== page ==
Just because something is final doesn’t mean that its value is known at compile time. This is demonstrated by initializing i4 and i5 at run time using randomly generated numbers. This portion of the example also shows the difference between making a final value static or non-static. This difference shows up only when the values are initialized at run time, since the compile-time values are treated the same by the compiler. (And presumably optimized out of existence.) The difference is shown when you run the program. Note that the values of i4 for fd1 and fd2 are unique, but the value for i5 is not changed by creating the second FinalData object. That’s because it’s static and is initialized once upon loading and not each time a new object is created.

    The variables v1 through v3 demonstrate the meaning of a final reference. As you can see in main( ), just because v2 is final doesn’t mean that you can’t change its value. Because it’s a reference, final means that you cannot rebind v2 to a new object. You can also see that the same meaning holds true for an array, which is just another kind of reference. (There is no way that I know of to make the array references themselves final.) Making references final seems less useful than making primitives final.

    Blank finals

    Java allows the creation of blank finals, which are fields that are declared as final but are not given an initialization value. In all cases, the blank final must be initialized before it is used, and the compiler ensures this. However, blank finals provide much more flexibility in the use of the final keyword since, for example, a final field inside a class can now be different for each object, and yet it retains its immutable quality. Here’s an example:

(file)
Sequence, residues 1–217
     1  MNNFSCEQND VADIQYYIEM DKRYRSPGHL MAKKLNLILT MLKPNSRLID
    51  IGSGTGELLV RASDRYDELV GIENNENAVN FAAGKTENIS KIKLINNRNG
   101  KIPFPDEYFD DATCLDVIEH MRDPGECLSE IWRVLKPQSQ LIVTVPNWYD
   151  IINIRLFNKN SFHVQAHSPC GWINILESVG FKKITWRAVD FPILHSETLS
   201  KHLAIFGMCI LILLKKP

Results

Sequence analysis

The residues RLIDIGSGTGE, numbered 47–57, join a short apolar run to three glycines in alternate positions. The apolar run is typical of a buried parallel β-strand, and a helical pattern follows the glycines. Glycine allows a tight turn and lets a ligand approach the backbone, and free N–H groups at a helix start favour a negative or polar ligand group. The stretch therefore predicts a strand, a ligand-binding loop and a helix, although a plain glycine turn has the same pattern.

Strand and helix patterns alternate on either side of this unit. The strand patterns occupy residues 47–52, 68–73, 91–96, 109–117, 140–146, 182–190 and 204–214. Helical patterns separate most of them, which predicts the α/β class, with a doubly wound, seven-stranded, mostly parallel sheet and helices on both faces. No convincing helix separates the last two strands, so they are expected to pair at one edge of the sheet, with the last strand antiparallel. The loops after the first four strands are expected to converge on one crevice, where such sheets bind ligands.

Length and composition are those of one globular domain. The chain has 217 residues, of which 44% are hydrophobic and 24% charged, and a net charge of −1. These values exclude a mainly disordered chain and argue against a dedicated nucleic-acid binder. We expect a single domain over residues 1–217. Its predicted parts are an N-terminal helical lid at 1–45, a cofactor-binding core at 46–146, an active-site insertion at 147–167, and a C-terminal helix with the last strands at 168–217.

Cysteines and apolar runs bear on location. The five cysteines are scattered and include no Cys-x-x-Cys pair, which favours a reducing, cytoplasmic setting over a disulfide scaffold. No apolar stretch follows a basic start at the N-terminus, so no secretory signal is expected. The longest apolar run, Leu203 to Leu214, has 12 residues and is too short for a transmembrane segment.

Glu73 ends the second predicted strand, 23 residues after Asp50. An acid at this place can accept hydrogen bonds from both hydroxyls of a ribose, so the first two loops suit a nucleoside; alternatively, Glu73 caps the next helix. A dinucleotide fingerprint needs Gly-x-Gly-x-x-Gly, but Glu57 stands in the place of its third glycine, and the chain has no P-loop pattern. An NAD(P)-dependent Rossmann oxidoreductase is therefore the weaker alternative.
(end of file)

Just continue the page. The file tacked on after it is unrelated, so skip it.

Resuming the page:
//: c06:BlankFinal.java
    // "Blank" final fields.
    
    class Poppet {
      private int i;
      Poppet(int ii) { i = ii; }
    }
    
    public class BlankFinal {
      private final int i = 0; // Initialized final
      private final int j; // Blank final
      private final Poppet p; // Blank final reference
      // Blank finals MUST be initialized in the constructor:
      public BlankFinal() {
        j = 1; // Initialize blank final
        p = new Poppet(1); // Initialize blank final reference
      }
      public BlankFinal(int x) {
        j = x; // Initialize blank final
        p = new Poppet(x); // Initialize blank final reference
      }
      public static void main(String[] args) {
        new BlankFinal();
        new BlankFinal(47);
      }
    } ///:~


    You’re forced to perform assignments to finals either with an expression at the point of definition of the field or in every constructor. That way it’s guaranteed that the final field is always initialized before use.

    Final arguments

    Java allows you to make arguments final by declaring them as such in the argument list. This means that inside the method you cannot change what the argument reference points to:

    //: c06:FinalArguments.java
    // Using "final" with method arguments.
    
    class Gizmo {
      public void spin() {}
    }
    
    public class FinalArguments {
      void with(final Gizmo g) {
        //! g = new Gizmo(); // Illegal -- g is final
      }
      void without(Gizmo g) {
        g = new Gizmo(); // OK -- g not final
        g.spin();
      }
      // void f(final int i) { i++; } // Can't change
      // You can only read from a final primitive:
      int g(final int i) { return i + 1; }
      public static void main(String[] args) {
        FinalArguments bf = new FinalArguments();
        bf.without(null);
        bf.with(null);
      }
    } ///:~


    The methods f( ) and g( ) show what happens when primitive arguments are final: you can read the argument, but you can't change it. This feature seems only marginally useful, and is probably not something you’ll use.
    Thinking in Java
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   Reproduced courtesy of Bruce Eckel, MindView, Inc. Design by Interspire